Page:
A LEADING cat welfare charity has reiterated its call for a change in the law after one was killed by a car in Barrow.

A ginger cat died from its injuries after being found by the side of Park Road last month.

But it was not microchipped and its owner has not been found.

A spokeswoman for Cats Protection UK said it was saddened to hear the news.

"It is particularly tragic when a cat which has died in a road accident is not microchipped," she said.

"This means their owner may never be aware of what has happened, and may continue an unnecessary and distressing search for their pet.

"Cats Protection is calling for a change in the law to require all owned cats, like dogs, to be microchipped.

"Microchipping is a safe, permanent and cost-effective method of identification which ensures cats can be reunited with their owner should they go missing.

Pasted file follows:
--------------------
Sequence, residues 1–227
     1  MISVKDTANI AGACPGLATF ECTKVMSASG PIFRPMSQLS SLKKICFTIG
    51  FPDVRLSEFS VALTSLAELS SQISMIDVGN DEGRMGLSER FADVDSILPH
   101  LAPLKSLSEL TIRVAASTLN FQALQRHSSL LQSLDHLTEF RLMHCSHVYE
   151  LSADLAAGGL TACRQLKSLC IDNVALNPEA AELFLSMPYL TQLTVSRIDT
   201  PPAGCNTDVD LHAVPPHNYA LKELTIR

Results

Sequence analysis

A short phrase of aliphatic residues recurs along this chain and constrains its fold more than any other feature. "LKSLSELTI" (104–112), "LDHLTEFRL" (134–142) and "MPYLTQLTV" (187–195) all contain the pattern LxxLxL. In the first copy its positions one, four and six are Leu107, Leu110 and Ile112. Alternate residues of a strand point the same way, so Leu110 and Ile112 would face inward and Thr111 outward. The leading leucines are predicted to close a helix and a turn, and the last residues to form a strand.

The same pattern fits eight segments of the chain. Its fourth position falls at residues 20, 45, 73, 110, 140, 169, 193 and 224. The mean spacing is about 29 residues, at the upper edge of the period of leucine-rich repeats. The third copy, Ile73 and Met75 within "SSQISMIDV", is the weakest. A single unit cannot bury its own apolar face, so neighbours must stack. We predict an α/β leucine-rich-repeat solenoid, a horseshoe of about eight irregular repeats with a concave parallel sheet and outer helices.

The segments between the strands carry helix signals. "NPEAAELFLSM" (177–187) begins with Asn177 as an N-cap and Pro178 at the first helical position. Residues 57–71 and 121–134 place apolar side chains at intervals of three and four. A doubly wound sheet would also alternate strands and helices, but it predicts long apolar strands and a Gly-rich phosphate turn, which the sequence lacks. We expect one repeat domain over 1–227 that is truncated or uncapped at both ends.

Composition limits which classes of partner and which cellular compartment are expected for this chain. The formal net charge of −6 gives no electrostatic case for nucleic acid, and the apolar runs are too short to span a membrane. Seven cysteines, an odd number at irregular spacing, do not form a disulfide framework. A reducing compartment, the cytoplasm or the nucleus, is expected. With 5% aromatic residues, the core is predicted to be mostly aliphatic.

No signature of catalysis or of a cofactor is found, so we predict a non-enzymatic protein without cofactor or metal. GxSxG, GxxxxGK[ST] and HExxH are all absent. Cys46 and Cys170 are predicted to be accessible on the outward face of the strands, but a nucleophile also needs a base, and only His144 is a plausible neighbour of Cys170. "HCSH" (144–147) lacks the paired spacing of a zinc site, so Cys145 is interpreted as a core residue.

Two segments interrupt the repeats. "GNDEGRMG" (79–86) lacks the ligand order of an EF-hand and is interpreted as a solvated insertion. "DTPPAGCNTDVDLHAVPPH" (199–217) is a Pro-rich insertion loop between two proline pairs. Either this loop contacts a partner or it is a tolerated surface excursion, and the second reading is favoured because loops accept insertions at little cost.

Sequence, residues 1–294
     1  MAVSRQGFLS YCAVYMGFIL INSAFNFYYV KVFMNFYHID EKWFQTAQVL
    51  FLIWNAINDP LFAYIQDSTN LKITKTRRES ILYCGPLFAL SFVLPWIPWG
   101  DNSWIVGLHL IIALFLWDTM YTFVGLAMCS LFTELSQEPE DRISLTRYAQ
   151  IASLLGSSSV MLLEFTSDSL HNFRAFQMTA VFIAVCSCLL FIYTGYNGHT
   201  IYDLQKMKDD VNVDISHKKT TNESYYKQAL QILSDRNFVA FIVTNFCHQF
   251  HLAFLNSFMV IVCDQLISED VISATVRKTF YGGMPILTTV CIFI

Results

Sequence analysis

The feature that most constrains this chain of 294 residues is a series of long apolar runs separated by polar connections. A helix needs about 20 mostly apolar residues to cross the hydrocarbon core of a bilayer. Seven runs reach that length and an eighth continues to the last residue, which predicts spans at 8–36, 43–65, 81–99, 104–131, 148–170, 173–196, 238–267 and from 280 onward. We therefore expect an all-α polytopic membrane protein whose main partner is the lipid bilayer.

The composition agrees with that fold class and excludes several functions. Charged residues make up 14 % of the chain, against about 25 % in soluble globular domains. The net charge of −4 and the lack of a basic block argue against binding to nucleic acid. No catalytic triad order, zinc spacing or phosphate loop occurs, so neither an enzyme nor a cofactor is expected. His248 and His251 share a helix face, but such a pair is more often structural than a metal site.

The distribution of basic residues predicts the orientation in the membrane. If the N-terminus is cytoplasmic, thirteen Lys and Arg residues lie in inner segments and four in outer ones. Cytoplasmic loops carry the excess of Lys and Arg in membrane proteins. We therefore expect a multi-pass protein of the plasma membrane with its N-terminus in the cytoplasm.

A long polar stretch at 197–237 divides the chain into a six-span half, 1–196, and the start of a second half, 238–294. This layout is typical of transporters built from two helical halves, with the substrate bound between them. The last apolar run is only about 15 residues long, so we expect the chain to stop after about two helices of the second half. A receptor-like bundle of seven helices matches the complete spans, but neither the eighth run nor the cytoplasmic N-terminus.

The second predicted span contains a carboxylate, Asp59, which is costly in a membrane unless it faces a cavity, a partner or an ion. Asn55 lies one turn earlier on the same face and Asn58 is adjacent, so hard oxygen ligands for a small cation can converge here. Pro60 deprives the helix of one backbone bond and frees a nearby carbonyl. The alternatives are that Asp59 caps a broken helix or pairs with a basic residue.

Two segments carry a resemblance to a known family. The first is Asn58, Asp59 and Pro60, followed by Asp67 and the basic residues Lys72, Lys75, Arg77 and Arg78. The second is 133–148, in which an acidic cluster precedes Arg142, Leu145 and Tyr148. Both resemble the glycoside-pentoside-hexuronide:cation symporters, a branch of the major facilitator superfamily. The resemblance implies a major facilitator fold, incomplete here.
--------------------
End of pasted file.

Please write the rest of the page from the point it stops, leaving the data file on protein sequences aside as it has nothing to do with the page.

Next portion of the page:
"It means lost cats are not mistaken as strays and taken in by rehoming charities, and also ensures owners can be notified if their cat has been injured or killed in a road accident.

"Cats are free roaming so microchipping in order to identify their owner makes absolute sense."

Despite the efforts of bystanders Helen Greenhalf and Julie Marklew, the cat died after breaking both his back legs and tail.

Ms Greenhalf, who owns Roundhills Kennels and Cattery, said at the time it was not microchipped and added it could have been one of a number of feral cats she sees near Park Road.

"Cats are much-loved pets, and we believe that it’s unfair the law makes microchipping compulsory for dogs but not for cats," the charity spokeswoman added.

"Compulsory microchipping of cats would create parity between the two most popular companion animals."

The law says killing another person’s cat is classed as criminal damage, according to Cats Protection. Cats are also protected under the Animal Welfare Act, which says it is an offence to kill or harm them.

Visit www.cats.org.uk/speakingupforcats